The 107.6 optimism reading in February is matched only by similar high readings in 2004 and 2005 before the Great Recession.
For the first time since 2006, taxes received the fewest votes as the No. 1 business problem for small businesses. The February report shows several components of the index reached noteworthy highs.
In a sign that small businesses are confident and expect growth, owners are spending capital with a net 22 percent planning to raise worker compensation and 66 percent reported capital outlays, up 5 points from January and the highest reading since 2004.
Moreover, owners expecting higher real sales rose 3 points to a net 28 percent, one of the best readings since 2007. Owners also reported higher nominal sales in the past three months at a net 8 percent of all owners.
The net percent of owners reporting inventory increases rose 3 percentage points to a net 7 percent on top of a 6-point rise in January.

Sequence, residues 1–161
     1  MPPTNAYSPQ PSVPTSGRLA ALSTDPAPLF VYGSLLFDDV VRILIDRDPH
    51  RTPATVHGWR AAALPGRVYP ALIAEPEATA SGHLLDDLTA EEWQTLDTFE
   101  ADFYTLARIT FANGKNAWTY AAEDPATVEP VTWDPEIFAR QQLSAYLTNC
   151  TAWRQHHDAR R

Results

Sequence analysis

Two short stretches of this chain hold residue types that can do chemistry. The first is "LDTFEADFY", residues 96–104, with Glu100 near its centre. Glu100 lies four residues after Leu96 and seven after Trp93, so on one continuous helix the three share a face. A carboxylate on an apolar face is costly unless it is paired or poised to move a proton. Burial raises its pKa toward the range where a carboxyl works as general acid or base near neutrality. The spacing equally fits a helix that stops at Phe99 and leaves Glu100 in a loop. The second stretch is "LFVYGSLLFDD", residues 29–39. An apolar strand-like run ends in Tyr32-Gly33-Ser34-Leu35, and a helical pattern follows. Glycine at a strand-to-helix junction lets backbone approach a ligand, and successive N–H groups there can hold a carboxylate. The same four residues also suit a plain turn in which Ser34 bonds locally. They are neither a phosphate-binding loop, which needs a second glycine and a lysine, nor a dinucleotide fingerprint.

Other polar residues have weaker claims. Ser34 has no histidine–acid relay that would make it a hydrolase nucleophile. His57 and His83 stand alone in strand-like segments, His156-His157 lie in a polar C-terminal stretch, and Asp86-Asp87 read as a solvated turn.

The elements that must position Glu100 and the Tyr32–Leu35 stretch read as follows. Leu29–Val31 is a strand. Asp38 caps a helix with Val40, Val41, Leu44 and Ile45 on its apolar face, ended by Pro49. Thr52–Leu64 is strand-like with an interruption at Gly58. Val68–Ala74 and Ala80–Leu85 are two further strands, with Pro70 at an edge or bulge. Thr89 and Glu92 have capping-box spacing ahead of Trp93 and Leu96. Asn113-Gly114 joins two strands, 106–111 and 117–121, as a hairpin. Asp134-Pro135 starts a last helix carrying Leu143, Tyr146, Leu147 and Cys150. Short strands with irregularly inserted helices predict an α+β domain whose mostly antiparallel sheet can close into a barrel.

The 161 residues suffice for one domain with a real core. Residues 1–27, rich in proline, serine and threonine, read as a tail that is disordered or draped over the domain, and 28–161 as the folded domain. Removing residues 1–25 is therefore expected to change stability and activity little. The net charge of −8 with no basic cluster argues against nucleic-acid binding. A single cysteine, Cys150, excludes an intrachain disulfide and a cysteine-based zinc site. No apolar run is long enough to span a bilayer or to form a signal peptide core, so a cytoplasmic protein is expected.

“Small-business owners are telling us loud and clear that they’re optimistic, ready to hire, and prepared to raise wages – it’s one of the strongest readings I’ve seen in the 45-year history of the index,” said NFIB chief economist Bill Dunkelberg. “The fact that several components saw significant increases tells us that small businesses are flourishing in a way we haven’t seen in over a decade.”
Job creation remained strong in February, as reported in the NFIB February Jobs Report, released last week.
Finding qualified workers remained as the number one problem for small business owners, surpassing taxes and regulations which have held the top two spots for years.
– Daily News staff